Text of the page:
Imelda and Francine try to ride my bike. My bike is taller than Francine herself. It was really cute. This did not happen on my bad day, I am just trying to brighten up the page.
29 Septembre 2006 Vendredi
List the positives first: 1) The internet worked, so I emailed and did travelblog easily and uninterrupted for two hours at the bureau, 2) I cashed the school money check for a student in Athieme, and 3) I bathed and ate once I finally made it home. My run this morning could be considered a positive as well.
Only Willie and Melchior had arrived at the stadium by 8h, so the three of us talked and then left. I prepared myself for what I had planned to be a quick trip to Cotonou.
I had the taxi ride from HELL. It would not have been from hell if I had not counted on doing so much all in one day. I left the house a little before 9h, Bubs escaping just before I had closed the doors, and found a taxi by 9h30. It was a very top-heavy taxi, and was very slow, but I was in a car at least. Just after Lac Aheme there was an accident, so we were forced to take back roads. For what seemed like hours, we followed vehicles through mud and fields, stopping very often
Derique and Bubs chill. Maybe someday I will have human children... Until then, lots of pictures of puppies.
to help stalled cars. Today, especially that ride, I was sure to die many times. Once, just ahead of us, an orange-laden truck got stuck in the mud, very tilted. As people, young boys included, helped push it out, I just knew the truck would tip over. Then I would be stuck in the African bush in the middle of the day, nothing getting done. The truck did not tip. Then I was sure that the top-heavy car I was riding in would tip, most likely on my side. I was very willing to get out and walk, but no one offered and my door did not open from the inside. I closed my eyes and sucked on my orange, and oh-my-gosh we made it.
THEN- I found out there were three Mamans in the car, who had so loaded it down. IT TOOK FOREVER to unload all of their stuff. FOREVER. I had stopped considering it possible to actually arrive in Cotonou. It was far more likely that I would get as far as Pahou , perhaps, then somehow be forced to return to Athieme via the same treacherous route.
All along the bush dirt roads, villagers started collecting funds. Tie a rope to a tree and charge 25 FCFA or so, then be sure to acknowledge me; “YOVO! Ca va?” and touch my arm. Or squeal in surprise. Or make kissing-faces. I think, sometimes, “white” people are not considered human in this world.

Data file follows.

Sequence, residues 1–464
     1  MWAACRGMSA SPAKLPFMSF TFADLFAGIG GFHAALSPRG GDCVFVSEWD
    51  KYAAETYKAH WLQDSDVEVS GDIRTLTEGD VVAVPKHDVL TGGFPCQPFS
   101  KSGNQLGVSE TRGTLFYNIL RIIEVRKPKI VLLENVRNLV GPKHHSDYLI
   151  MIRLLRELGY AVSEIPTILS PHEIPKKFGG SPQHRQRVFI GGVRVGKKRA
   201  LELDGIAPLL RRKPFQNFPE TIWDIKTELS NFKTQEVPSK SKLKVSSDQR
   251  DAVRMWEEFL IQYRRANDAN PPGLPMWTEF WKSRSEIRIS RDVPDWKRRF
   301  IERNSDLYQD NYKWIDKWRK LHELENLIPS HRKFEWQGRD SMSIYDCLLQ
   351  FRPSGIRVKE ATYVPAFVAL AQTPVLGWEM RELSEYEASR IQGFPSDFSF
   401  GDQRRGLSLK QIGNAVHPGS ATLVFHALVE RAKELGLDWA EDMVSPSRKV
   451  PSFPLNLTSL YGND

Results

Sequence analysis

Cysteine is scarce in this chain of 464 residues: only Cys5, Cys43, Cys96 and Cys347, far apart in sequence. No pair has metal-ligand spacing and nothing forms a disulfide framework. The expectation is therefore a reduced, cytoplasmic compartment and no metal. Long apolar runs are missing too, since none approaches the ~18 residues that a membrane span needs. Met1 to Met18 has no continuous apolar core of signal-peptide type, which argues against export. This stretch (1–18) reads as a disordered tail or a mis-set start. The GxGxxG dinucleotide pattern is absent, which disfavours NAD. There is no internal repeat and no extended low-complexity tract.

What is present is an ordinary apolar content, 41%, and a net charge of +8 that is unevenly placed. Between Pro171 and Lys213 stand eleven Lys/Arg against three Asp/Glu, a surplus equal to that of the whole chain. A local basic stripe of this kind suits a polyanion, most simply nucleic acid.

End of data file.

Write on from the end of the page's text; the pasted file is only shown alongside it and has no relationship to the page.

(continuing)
What should have taken the normal two hours to Cotonou took five. FIVE. I was slightly in shock and not really speaking when I made it to the office at 14h. I knew I could no longer come home early like I had wanted. I got a wonderful package from a friend, mailed just a day before she left Japan. That made me much happier. I didn’t say anything really until a volunteer asked. Then I kind of fumed. Well, I started letting out a hiss, a very small hiss.
At this point, I accepted not making it home early like I had hoped, and was willing to move on. I did internet for two hours, and then went out to run my errands and head home. I went to the grocery store- the guy to cash the check was not at work yet. So to be efficient, I spent my time waiting by looking for the Niger Embassy. The zemidjan and I were directed to the Nigeria Embassy, then to the Ambassador of Niger’s very home before finding the Embassy of Niger within walking distance of where I had started. And it was, by then, closed. I was exasperated. I paid the zem 700 FCFA (was it too much? I don’t know) for the complete tour of Cotonou, then cashed the check back at the grocery store and found a zemi to take me to find a taxi home.
While looking for the zemidjan, I passed a netphone center and although I had already emailed my friend that I was not able to call her like I had hoped, at that moment of passing the phone, all I wanted was to talk to her.
There was no electricity. Directionless, futile anger.
It took forever to find a taxi home, and then it was sharing the front passenger bucket seat, which, of course, according with the mood of the day, was more uncomfortable than it had ever been before. I couldn’t even find any FanChoco, the only thing I believed capable of soothing my nerves. Within 30 minutes of Athieme, my bucket-seat partner got out, and I was so relieved to be comfortable for the final leg home- but then the fourth passenger in the three-passenger backseat decided to move to the front. I was so jaded; I didn’t complain but just scooted over. I wanted to cry. All day long = futile anger, forced patience. What would have been anger if someone had been at fault, but the world was just against me.
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